Apple approves Epic Games' marketplace app after initial rejections

After multiple rejections, Apple has approved Fortnite maker Epic Games' third-party app marketplace for launch in the EU. As now permitted by the EU's Digital Markets Act (DMA), Epic announced earlier this year it planned to bring both the digital storefront and its flagship game, Fortnite, back to iOS in Europe. However, on Friday, Epic Games took to X (formerly Twitter) to complain that Apple had rejected its submission twice over concerns that its Games Store looked too much like Apple's App Store. Epic then said it would take the matter to European regulators for review.

Later in the day, Apple approved the third-party marketplace app on the condition that Epic Games would make the necessary corrections in a subsequent update.

According to posts on X, Epic Games initially said Apple had rejected its submission over details like the position of its "Install" button for games, which Apple said is too similar to its own "Get" button. It also said that it was rejected for its "in-app purchase" label being too much like Apple's label.

Epic argued that it's using the same naming conventions that are standard across popular app stores on other platforms.

The company also called the rejection "arbitrary, obstructive, and in violation of the DMA," and said it has shared its concerns with the European Commission.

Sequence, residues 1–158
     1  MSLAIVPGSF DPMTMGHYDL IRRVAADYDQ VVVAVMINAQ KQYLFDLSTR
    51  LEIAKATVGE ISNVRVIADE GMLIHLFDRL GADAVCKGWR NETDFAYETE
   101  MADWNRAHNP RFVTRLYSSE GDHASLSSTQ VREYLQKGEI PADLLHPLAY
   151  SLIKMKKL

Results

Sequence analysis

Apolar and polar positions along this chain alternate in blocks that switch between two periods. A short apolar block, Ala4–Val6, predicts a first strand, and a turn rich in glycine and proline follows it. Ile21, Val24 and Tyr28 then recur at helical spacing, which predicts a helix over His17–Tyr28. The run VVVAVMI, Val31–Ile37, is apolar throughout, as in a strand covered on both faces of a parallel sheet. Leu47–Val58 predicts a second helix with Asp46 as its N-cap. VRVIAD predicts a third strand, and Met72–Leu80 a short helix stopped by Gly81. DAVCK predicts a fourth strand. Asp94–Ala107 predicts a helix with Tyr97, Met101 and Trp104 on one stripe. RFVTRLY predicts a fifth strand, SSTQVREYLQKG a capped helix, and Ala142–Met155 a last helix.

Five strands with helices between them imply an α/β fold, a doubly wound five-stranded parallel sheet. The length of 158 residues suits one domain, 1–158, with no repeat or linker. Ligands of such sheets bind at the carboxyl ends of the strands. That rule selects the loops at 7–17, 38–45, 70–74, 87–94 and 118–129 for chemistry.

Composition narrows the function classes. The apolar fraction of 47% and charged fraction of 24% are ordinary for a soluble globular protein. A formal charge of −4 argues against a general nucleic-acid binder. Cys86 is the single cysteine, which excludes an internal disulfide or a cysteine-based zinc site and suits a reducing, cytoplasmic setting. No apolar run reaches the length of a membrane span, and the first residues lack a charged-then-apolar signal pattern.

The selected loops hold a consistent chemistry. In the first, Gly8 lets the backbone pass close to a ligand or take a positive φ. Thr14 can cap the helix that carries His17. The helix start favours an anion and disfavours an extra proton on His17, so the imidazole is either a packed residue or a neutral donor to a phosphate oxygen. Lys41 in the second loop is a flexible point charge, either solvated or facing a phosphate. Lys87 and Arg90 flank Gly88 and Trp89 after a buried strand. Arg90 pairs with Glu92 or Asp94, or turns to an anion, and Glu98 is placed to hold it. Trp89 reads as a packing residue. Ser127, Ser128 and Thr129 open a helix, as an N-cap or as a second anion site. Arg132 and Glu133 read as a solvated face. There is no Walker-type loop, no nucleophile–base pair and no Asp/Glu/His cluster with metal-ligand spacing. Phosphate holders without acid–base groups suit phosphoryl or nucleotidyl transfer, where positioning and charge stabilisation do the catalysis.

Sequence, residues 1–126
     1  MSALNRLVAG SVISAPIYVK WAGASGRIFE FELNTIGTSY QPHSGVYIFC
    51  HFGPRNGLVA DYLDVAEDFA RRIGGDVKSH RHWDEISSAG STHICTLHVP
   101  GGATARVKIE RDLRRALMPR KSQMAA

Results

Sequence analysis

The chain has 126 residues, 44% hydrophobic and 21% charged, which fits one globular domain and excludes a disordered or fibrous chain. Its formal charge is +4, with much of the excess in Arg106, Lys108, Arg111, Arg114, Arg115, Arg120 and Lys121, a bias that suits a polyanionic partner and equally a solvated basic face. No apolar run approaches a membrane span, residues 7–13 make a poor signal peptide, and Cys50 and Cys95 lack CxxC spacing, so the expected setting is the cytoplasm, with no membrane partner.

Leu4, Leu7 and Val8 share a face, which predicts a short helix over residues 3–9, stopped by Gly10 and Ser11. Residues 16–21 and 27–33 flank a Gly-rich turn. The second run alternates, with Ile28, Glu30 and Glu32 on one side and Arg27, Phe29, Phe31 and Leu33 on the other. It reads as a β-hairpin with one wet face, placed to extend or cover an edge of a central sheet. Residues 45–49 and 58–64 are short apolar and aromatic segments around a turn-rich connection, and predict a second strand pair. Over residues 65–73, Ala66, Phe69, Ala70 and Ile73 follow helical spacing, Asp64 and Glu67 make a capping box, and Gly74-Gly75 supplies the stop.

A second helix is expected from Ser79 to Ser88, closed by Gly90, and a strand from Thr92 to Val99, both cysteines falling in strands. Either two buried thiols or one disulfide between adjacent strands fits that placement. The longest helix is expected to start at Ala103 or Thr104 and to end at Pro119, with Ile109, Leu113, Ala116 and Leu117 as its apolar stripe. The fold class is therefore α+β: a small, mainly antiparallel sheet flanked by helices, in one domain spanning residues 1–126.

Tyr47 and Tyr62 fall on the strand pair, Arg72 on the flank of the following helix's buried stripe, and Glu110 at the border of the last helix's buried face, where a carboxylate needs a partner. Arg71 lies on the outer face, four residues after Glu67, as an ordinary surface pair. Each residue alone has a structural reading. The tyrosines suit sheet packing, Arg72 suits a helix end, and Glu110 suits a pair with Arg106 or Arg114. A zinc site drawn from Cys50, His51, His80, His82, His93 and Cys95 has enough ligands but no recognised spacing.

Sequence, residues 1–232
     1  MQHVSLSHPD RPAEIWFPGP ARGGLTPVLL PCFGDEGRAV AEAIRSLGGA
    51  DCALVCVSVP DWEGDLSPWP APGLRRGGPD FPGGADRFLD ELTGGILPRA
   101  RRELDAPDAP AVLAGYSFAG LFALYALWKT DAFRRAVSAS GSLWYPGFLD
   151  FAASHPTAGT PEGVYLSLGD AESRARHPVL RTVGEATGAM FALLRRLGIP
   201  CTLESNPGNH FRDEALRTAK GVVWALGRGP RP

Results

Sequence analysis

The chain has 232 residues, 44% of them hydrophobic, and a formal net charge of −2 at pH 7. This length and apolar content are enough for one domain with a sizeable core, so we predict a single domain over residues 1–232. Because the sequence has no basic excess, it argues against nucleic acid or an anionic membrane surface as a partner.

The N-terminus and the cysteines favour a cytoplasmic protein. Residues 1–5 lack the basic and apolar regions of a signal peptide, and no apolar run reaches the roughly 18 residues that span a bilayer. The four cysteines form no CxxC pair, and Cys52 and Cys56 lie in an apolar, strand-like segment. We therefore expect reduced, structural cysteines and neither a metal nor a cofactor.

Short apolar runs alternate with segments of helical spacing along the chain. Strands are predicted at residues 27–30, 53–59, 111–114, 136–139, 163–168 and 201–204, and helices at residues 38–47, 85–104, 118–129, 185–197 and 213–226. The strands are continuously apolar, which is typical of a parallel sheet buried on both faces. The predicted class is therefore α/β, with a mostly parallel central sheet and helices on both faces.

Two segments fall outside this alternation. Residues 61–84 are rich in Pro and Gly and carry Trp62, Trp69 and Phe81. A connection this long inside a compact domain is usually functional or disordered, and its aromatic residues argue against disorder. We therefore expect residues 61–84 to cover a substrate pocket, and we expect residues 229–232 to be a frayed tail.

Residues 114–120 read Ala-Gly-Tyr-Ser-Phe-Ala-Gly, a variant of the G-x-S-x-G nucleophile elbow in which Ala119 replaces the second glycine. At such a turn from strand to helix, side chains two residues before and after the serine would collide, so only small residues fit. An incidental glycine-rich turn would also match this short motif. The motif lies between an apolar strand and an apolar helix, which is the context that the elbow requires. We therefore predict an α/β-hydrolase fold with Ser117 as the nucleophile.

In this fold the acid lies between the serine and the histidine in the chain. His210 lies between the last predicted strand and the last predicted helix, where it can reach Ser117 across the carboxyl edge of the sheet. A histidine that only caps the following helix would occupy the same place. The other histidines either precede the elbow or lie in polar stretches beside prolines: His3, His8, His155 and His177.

In the afternoon on Friday, Apple said it had approved the Epic Sweden AB Marketplace app but added the game maker would still need to make the fixes Apple requires. As per Section 2.3 (G) of Apple's developer agreement, Epic Games had agreed not to make its Games Store appear confusingly similar to the App Store, the iPhone maker said. Apple noted that Epic had generally followed this guideline, except for the design and copy of the download button.

Apple also said that Epic Games' Fortnite app has already been approved.

Epic's case represents a high-profile example of how stringent Apple will be with the new rules that permit third-party app stores on iOS for the first time. Excessive rejections could also dissuade other developers interested in testing the waters with their own distribution channels.

Under the DMA's new rules, Apple is required to allow third-party app stores on the iPhone as the tech giant was deemed a "gatekeeper" under EU law. App developers can also switch to a set of new DMA rules that allow them to reduce commissions on in-app purchases on the App Store, though the process still involves fees under a complicated new structure that has developers paying Apple for the use of its technology instead.

Epic has been battling Apple for years for a means of reaching its customers on the iPhone without having to pay commissions on in-app purchases. The company took the case to the courts in the U.S., where it ultimately lost on most fronts, having failed to prove Apple was a monopolist. But Epic's continued complaints saw Apple briefly terminating the game maker's developer account in the EU, before EU regulators again stepped in. Since then, Epic Games has vowed to launch Fortnite on iOS and iPad in the EU and bring its Games Store to the market.

Epic confirmed the approval of its marketplace app on X and in an email with TechCrunch.

Update, 7/5/24, 5:28 PM ET This post was updated from its original version with the latest development involving Apple's approval of Epic Games' marketplace app in the EU. Epic has since said it's disputing the requested changes.